How To Make Traditional Sicilian Caponata (Caponata di Melanzane) – This veggie-loaded dish is perfect to share and it’s naturally gluten-free and vegan.

Sicilian Caponata is a delicious warm salad or relish made with simple ingredients such as aubergine, celery and tomatoes, simmered in a distinctive sweet & sour sauce.

Caponata di Melanzane is a staple of Sicilian cuisine, and every city and possibly family in Sicily have their own version.

The original recipe includes deep-fried aubergine, celery, fresh tomatoes, green or black olives, capers and pine nuts.

Some popular additions include tomato sauce or paste, bell pepper, sultanas or chopped almonds.

**This post is sponsored by Mazola. All opinions are my own as usual.**

Eggplants, tomatoes, celery, pine nuts, olive, basil, onion, garlic, capers on a wood boardI grew up with my mum’s incredible caponata, so that’s the one I’m sharing with you today.

She’s originally from Palermo and sticks to the original recipe, but makes it lighter by roasting the aubergine instead of frying.

The main ingredients of the classic Caponata, aubergine and celery, are cooked separately to preserve their texture and flavour.

Then, they are mixed together with the rest of the ingredients at the very end of the recipe.

It may sound a bit laborious, but this dish all comes together in less than 1 hour, and requires very little cooking skills.

Plus, it’s naturally dairy-freegluten-free, and vegan, making a fantastic allergy-friendly option to serve at dinner parties and get-togethers.

How To Make Sicilian Caponata (Caponata di Melanzane)

Sicilian Eggplant Caponata in a skillet with bread on the sideTo make your Caponata, start by blanching the celery.

Throw the chopped celery in a pot of boiling water and take it out after a minute or two.

I like celery on the crisper side, so I’d leave mine not more than one minute.

After a quick bath in ice-cold water, I’ll let it dry over a sieve covered with a kitchen cloth.

This process keeps the celery crunchy and retains its vibrant green colour.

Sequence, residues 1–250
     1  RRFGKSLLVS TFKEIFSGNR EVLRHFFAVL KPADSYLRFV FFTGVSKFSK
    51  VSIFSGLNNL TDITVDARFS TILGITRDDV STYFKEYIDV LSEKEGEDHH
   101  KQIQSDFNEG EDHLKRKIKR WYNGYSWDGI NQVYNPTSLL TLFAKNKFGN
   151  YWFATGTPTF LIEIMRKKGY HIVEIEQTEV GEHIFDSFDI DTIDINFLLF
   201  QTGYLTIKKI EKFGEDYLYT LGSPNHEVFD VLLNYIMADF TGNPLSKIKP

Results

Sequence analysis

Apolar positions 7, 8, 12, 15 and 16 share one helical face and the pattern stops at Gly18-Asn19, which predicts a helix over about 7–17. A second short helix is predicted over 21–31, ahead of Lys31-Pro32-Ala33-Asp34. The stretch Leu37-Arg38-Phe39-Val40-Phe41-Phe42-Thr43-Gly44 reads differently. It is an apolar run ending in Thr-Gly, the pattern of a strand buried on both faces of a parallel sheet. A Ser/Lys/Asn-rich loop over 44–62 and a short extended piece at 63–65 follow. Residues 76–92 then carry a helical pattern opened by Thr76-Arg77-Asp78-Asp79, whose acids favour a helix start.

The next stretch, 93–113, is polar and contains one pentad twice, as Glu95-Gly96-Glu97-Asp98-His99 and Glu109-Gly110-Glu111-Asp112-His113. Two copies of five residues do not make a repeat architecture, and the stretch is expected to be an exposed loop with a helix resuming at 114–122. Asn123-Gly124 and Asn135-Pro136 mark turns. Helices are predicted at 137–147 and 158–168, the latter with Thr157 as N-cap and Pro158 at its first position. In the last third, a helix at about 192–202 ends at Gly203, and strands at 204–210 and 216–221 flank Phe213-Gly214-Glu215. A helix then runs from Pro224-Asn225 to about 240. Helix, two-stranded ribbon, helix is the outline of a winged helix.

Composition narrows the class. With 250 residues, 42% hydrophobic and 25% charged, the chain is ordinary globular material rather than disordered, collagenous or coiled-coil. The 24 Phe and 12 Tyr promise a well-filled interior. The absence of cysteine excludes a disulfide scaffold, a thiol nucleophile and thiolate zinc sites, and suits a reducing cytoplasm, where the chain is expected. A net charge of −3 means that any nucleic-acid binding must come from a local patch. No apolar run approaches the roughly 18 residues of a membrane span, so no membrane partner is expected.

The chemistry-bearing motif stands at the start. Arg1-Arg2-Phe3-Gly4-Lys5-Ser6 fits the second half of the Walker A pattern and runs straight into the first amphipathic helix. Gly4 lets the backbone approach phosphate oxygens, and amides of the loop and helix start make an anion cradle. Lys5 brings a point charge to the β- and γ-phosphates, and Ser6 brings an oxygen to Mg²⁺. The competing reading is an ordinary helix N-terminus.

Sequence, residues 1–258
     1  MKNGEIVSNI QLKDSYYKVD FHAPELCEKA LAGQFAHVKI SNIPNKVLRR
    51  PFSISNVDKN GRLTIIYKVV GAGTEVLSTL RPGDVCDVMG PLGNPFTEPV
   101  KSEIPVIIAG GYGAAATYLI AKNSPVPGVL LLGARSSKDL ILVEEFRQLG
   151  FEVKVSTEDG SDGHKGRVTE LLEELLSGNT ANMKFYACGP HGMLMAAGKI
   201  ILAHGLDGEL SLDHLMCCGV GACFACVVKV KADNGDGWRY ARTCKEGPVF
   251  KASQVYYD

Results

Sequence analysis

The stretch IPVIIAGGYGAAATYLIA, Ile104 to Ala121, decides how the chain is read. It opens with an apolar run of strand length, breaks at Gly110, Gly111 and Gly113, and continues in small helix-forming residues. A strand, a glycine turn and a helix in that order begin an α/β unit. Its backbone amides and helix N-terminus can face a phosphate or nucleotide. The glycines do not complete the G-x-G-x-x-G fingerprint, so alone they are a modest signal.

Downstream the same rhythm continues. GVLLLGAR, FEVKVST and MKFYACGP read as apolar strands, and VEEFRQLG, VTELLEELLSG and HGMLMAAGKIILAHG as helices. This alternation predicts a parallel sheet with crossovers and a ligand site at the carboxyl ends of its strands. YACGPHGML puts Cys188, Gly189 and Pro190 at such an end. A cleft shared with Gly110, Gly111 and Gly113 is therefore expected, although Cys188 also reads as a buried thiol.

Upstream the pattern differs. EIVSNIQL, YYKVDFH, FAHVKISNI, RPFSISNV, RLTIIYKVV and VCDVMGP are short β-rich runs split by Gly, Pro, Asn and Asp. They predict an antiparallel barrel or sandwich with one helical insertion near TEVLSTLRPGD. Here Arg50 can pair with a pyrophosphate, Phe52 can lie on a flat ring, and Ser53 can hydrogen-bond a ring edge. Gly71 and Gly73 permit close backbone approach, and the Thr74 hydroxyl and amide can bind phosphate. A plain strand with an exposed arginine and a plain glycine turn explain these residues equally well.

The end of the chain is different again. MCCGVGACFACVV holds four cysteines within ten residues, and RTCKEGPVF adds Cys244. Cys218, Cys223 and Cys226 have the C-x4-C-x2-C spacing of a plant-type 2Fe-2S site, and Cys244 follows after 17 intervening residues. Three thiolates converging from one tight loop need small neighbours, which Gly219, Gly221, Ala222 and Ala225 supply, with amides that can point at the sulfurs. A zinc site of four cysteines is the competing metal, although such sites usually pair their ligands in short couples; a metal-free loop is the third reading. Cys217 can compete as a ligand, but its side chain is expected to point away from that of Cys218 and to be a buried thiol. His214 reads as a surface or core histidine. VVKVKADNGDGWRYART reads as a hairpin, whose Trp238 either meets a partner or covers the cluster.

boiled celery and then drained on a colanderNext step is cooking up your main ingredient, the aubergine.

The traditional Sicilian recipe calls for deep-fried aubergine cubes, but I’ve swapped it in favour of healthier oven-roasted crispy aubergine.

Note: if you want to make the classic caponata, simply deep-fry the aubergine cubes for 4-5 minutes, until lightly browned and cooked through.

Once ready, transfer them onto a plate covered with kitchen paper, to absorb the oil in excess, and proceed with the recipe.

Speaking of baking instead of frying your aubergine, I’m delighted to partnering up with Mazola to lighten up this classic Sicilian recipe. 

Mazola Corn Oil is rich in plant sterols, which have been proven to lower cholesterol, and is a great source of healthy fatty acids! Sicilian Eggplant Caponata in skillet with cooking oil bottle

For this Aubergine Caponata, I’ve used Mazola 100% pure Corn Oil, only extracted at its peak time.

It has a subtle flavour and a high smoke point, making it great for oven-roasting at high-temperature.

I lightly coated the aubergine with Mazola oil and roasted it for about 30 minutes – it came out perfectly crispy on the outside and beautifully soft within.

cubed eggplant and bottle of cooking oilWhilst the aubergine bakes in the oven, get the rest of the ingredients ready.

In a large pan saute onion, garlic and tomatoes, until soft and caramelized.

There’s an ongoing debate on whether to use tomato passata/paste or just simply chopped fresh tomatoes.

I personally opt for fresh tomatoes, and I add a teaspoon of tomato concentrate for a nice burst of umami.

Sicilian Eggplant Caponata with olives, capers and pinenutsOnce your onion/garlic/tomato mix has caramelized well, you can fold in the rest of the veggies.

Add in the roasted aubergine, celery, green or black olives ( I used Kalamata olives), capers and toasted pine nuts. 

Now, it’s time to give your caponata its unique sweet & sour taste.